A disciplined investment process and a solid risk management framework provides net worth to our counterparts who would prefer to see their assets work for them rather than have valuable compliance carbon assets sit idle and non-productive.

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AVOID SPECULATION
A key goal for most of our clients is to avoid speculation. Speculation is usually defined as buying or selling stocks or commodities to profit from an anticipated price movement. Most companies operating under compliance market obligations don’t want to speculate, as it is not their business.

Swaps

The swap is the exchange of EUAs into CERs or visa versa. The swap is used to minimize compliance costs for EU companies by fully exploiting the benefits of the European Union’s linking directive or to seek increased liquidity or higher returns from other markets.

Repo Agreement

The Repo Agreement is a form of borrowing in which the client sells the allowances (EUAs or CERs) to ALLCOT and agrees to buy them back at a predetermined date. The Repo agreement is generally used to increase short-term working capital without taking on price risk, under better conditions than standard bank loans.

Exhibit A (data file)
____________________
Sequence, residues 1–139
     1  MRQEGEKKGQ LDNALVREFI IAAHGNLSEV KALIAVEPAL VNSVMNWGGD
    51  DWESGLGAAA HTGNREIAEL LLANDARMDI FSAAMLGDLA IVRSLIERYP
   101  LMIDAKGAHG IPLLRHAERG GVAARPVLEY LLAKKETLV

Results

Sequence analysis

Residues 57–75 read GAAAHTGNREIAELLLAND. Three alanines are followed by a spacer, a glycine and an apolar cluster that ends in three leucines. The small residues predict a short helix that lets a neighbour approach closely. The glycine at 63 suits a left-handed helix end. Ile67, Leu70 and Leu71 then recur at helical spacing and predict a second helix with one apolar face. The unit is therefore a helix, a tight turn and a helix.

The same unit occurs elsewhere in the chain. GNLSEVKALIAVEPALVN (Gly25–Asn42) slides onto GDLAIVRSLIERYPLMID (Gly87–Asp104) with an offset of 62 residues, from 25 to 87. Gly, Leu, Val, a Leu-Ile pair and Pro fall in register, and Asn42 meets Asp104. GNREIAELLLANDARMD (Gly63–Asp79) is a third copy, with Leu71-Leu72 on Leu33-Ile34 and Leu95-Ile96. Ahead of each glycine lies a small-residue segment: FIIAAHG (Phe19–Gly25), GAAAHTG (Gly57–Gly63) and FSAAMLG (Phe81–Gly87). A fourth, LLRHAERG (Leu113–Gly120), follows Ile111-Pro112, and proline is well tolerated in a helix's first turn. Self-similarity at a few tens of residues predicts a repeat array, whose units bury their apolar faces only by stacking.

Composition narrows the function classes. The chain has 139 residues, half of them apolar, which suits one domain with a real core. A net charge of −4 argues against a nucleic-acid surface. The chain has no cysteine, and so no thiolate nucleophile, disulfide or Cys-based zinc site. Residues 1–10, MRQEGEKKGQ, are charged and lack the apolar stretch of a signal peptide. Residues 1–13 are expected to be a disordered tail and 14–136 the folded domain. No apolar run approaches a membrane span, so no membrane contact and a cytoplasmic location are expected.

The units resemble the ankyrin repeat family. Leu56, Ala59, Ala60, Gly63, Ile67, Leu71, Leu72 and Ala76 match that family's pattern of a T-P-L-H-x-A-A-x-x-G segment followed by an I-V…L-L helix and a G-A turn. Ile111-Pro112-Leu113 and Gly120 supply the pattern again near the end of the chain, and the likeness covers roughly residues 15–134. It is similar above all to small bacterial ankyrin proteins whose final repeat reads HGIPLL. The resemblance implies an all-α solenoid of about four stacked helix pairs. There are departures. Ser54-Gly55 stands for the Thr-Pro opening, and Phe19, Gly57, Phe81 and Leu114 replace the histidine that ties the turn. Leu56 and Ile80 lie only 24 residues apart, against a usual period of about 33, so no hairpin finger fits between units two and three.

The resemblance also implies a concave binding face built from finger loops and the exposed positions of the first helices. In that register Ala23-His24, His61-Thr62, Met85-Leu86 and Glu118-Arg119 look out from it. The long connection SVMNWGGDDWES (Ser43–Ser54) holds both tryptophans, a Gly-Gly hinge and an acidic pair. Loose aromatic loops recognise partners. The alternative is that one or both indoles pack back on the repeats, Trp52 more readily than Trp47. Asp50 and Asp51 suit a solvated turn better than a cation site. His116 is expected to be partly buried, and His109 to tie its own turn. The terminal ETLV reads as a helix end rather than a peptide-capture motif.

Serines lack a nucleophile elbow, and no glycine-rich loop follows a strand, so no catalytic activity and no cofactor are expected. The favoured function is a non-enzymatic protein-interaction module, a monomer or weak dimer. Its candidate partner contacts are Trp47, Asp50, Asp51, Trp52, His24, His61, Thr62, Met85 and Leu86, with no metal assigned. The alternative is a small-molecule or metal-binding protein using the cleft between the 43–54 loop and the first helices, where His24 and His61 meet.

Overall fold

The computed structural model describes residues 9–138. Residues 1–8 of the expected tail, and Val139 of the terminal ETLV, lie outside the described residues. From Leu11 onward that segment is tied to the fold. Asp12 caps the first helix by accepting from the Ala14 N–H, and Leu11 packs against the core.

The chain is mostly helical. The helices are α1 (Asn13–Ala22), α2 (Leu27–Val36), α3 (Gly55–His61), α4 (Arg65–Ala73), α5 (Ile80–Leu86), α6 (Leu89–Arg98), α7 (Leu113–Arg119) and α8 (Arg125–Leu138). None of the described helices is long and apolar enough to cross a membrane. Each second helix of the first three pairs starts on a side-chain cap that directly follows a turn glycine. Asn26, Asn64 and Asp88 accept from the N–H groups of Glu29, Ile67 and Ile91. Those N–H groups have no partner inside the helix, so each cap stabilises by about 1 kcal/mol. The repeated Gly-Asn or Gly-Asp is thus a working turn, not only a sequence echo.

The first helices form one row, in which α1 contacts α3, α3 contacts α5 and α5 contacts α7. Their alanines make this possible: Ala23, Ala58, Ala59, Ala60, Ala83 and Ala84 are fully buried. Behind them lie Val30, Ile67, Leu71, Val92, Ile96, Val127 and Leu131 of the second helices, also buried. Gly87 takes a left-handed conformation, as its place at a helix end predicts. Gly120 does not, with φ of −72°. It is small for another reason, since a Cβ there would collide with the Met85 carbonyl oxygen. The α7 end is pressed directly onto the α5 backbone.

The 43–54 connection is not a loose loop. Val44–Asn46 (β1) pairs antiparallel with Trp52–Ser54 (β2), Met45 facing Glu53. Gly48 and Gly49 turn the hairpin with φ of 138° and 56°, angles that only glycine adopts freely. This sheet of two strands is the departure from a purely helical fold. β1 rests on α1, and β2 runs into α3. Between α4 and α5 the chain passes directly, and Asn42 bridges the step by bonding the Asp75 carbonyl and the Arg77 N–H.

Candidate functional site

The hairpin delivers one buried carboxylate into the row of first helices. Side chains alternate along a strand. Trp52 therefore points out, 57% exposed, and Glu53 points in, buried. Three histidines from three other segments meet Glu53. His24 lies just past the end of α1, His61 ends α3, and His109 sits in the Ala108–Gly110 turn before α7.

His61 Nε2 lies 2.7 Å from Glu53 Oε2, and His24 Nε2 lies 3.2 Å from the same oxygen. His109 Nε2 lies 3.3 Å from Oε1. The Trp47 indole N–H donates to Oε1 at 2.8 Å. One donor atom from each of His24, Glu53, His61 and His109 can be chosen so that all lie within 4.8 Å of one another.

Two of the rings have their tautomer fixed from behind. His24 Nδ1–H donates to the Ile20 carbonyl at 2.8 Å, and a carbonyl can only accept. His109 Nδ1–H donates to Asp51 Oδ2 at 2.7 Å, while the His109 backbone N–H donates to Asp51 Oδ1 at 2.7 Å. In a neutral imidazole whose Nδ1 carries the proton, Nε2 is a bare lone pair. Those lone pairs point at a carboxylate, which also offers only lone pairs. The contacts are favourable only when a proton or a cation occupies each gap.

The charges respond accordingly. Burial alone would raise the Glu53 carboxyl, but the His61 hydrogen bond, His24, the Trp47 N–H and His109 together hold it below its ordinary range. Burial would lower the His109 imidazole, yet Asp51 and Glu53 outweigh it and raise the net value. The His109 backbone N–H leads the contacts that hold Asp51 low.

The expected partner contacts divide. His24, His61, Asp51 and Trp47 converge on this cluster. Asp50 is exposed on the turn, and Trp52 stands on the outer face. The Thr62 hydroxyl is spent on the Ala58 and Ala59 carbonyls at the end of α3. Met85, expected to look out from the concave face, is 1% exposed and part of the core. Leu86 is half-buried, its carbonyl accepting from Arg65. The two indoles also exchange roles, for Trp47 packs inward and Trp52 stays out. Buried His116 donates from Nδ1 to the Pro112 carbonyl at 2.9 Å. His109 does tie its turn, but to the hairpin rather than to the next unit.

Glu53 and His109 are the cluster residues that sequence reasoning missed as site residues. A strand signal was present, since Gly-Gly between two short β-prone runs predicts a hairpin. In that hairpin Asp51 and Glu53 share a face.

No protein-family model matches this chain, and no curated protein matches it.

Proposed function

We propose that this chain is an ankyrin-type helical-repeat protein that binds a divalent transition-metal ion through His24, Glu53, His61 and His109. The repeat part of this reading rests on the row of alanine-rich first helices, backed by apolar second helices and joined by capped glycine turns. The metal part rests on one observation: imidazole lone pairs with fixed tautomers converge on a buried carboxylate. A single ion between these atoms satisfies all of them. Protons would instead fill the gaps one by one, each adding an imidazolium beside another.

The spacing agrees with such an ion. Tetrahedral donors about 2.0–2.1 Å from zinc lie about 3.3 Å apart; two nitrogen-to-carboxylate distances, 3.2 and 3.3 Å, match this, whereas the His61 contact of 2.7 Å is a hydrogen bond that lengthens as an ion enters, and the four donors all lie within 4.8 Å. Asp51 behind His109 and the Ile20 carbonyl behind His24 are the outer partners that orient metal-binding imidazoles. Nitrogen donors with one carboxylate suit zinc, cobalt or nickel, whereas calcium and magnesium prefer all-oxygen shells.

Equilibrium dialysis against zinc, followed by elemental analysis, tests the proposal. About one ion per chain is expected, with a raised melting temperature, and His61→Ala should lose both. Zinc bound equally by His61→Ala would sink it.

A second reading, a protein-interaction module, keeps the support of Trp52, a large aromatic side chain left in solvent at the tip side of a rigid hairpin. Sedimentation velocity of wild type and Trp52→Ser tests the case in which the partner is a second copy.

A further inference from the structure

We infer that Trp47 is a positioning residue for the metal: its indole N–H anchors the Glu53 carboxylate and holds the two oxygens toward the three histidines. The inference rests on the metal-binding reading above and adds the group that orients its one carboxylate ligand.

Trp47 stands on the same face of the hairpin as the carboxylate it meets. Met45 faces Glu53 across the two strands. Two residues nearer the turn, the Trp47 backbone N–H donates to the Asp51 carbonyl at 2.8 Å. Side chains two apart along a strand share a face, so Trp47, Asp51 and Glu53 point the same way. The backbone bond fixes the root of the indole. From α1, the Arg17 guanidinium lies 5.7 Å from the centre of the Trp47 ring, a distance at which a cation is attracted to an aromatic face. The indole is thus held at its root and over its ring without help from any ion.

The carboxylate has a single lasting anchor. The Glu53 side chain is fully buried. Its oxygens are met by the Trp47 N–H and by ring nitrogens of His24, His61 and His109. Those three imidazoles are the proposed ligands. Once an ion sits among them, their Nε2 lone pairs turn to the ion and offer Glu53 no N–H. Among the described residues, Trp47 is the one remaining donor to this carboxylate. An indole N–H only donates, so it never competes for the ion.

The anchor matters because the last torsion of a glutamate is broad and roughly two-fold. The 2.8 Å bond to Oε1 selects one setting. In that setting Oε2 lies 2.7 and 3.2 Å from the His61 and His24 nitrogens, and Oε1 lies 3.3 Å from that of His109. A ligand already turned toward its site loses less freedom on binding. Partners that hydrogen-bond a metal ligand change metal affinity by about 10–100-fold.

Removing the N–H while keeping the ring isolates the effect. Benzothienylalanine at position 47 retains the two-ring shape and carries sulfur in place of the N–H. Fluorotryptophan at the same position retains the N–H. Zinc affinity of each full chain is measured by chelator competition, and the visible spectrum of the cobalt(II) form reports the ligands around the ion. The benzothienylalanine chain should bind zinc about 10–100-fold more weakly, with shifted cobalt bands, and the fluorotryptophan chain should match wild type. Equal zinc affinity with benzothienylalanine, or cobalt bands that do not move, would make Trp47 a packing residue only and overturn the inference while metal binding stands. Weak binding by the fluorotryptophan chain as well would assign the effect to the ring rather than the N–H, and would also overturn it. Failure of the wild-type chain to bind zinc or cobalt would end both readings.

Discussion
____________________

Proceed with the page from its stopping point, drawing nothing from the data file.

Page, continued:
Lending Operations

With Lending, the client allows ALLCOT the use of its unused allowances in return for interest rate payments for a predetermined time, under an agreement to receive them back later. Lending is used when allowances are unused and the owner seeks to receive additional cash flows without engaging in speculation

Water Benefit Standard Credits trading

Gold Standard water benefit certificates (WBCs) serve as a common currency for the scheme

Gold Standard Water Benefit Certificates (WBCs) serve as a common currency for the scheme, certifying that a certain volume of water has been sustainably supplied, purified and/or conserved by a given project during a specific period of time. The purchase of these WBCs – by private companies, development agencies, philanthropic foundations and other interested investors – generates an annuity revenue stream that is then used to support the project activity.